Childress Vineyards

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Bottle of Childress Vineyards Classic White Table Wine

Childress Vineyards is a winery in Lexington, North Carolina owned by NASCAR Sprint Cup Series championship team owner Richard Childress. The connection between NASCAR and fine wine is reflected in the labeling of some of the wines produced by Childress, featuring a checkered flag motif.[1]:81

History of wineries in North Carolina[edit]

In the mid-19th Century, there were some 25 wineries in North Carolina, with extensive independent vineyards, to the extent that North Carolona dominated the national market for American wines at the time. The Scuppernong grape was the primary source for North Carolina's 19th Century wine, as it had been for about two centuries. The Civil War ended that market dominance, through damage to the industry by loss of manpower and scarce capital, as well as through revocation of winemaking licenses due to regulatory retribution following the war. Wine production began to recover in the decades after the war through the early 20th Century. However, North Carolina voted to become a dry state in 1908 and that decision, coupled with the onset of Prohibition, ended winemaking in North Carolina. Repeal in 1933, followed by the passage by North Carolina's legislature in 1935 of laws permitting winemaking, began a rebirth, but it was several decades after World War II before North Carolina's wine industry would show significant growth.[2]

Origins, Operations and Wine Varietals at Childress Vineyards[edit]

While racing at California tracks in the 1970s, Richard Childress spent some of his off-track time at small wineries. He later explored vineyards in the Finger Lakes region in New York, following NASCAR's expansion to Watkins Glen. As he made friends with vineyard owners and winemakers, Childress began to consider starting his own vineyard. By the 1990s, Childress had purchased land, planted vines and by the end of the 90s was having his grapes custom-crushed, making wine to give to friends.[1]

Childress Vineyards broke ground in 2003 and the 35,000 square winery commenced operations in 2004.[1][3] Located in the Yadkin Valley AVA, an American Viticultural Area, Childress' winemaker is Mark Friszolowski.[1][4] Childress is part of a broader development of wine-grape growing and vineyards in North Carolina which has been gaining traction in the 21st Century, following a period of rapid growth beginning in the 1980s.[2][5]

Grapes are grown locally on the vineyard grounds, at Childress' home estate, as well as purchased from local growers. Classic European varietals produced include Chardonnay, Pinot Gris, Sauvignon Blanc and Viognier white wines and Cabernet Franc, Cabernet Sauvignon, Merlot, Sangiovese and Syrah red wines, sparkling wines and dessert wines. In a nod to historic North American and North Carolina grape varieties, Childress also produces a line of muscadine (Vitis rotundifolia) wines, including a Scuppernong varietal, produced from a type of muscadine grape. Wines produced from scuppernong harken back to the 17th Century beginning of North Carolina's winemaking tradition.[1]:77[4] By 2005, the winery was producing 30,000 cases per year and was third largest in terms of production in North Carolina.[6]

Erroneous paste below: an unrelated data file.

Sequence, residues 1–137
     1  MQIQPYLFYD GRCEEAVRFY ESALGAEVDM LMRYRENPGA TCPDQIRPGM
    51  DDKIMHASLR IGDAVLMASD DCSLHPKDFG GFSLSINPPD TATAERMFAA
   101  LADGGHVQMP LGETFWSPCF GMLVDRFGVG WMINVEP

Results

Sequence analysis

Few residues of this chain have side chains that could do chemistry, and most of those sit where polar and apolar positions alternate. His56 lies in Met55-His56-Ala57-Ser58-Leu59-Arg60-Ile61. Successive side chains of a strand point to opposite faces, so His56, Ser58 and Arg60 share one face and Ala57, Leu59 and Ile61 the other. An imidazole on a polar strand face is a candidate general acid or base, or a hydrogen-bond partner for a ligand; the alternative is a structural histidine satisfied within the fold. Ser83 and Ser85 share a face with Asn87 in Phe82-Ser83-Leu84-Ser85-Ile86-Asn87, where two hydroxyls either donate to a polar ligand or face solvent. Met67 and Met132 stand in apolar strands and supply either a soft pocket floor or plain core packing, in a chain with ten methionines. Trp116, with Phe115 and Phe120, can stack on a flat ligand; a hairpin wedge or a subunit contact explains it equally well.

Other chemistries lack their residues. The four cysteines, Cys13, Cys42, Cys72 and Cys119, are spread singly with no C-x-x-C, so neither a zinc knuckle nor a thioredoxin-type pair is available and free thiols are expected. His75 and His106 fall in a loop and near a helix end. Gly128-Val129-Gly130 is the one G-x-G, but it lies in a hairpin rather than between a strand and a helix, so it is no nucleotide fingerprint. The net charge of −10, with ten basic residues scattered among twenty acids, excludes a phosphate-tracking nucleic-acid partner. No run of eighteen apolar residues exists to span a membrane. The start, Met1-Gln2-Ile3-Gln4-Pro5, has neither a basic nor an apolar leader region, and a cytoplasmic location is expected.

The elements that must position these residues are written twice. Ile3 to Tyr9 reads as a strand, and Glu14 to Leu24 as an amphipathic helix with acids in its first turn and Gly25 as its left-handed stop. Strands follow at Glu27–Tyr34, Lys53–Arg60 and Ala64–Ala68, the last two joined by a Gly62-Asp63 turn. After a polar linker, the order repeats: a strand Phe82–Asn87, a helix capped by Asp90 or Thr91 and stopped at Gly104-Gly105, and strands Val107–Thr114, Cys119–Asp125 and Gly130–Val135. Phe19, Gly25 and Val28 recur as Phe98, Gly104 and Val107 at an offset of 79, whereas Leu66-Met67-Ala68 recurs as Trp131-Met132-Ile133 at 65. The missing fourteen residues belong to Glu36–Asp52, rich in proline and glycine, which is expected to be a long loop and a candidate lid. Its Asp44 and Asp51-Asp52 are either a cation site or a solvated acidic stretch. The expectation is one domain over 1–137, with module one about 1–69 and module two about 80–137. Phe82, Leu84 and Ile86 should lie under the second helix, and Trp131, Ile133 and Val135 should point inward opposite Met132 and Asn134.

The vineyards are located at the intersection of U.S. Route 52 and U.S. Route 64 in Lexington, North Carolina which is in the Piedmont Triad region of North Carolina and its tasting room is open daily. There is also an Italian style Bistro open for lunch.[1]:80–81

Childress also holds special events including weddings and corporate functions, as well as free entertainment during the spring and fall.[1][7]

See also[edit]

References[edit]

  1. ^ a b c d e f g Joseph Mills and Danielle Tarmey (2007). A Guide to North Carolina's Wineries. John F. Blair. pp. 77–82. ISBN 9780786473656. Retrieved April 27, 2016. 
  2. ^ a b Ian M Taplin (2015). The Modern American Wine Industry: Market Formation and Growth in North Carolina. Routledge. ISBN 9781317322832. Retrieved April 27, 2016. 
  3. ^ Fritz Allhoff (2009). Wine and Philosophy: A Symposium on Thinking and Drinking. John Wiley & Sons. p. 41. ISBN 9780470765777. Retrieved April 27, 2016. 
  4. ^ a b DK (2010). Opus Vino. Penguin. p. 117. ISBN 9780756675103. Retrieved March 13, 2016. 
  5. ^ Sharon Myers (August 12, 2014), "Childress Vineyards celebrates 10-year anniversary", Lexington Dispatch, archived from the original on 27 April 2016, retrieved 27 April 2016 
  6. ^ Motto Kryla & Fisher (Firm), North Carolina Wine & Grape Council (2007). Economic Impact of North Carolina Wine and Grapes 2005. MKF Research LLC. p. 17. Retrieved March 13, 2016. 
  7. ^ Jill Doss (May 21, 2014). "Wine and music come together this summer". Lexington Dispatch. Archived from the original on July 15, 2014. Retrieved April 27, 2016. 

External links[edit]

Coordinates: 35°50′35″N 80°17′00″W / 35.843143°N 80.283279°W / 35.843143; -80.283279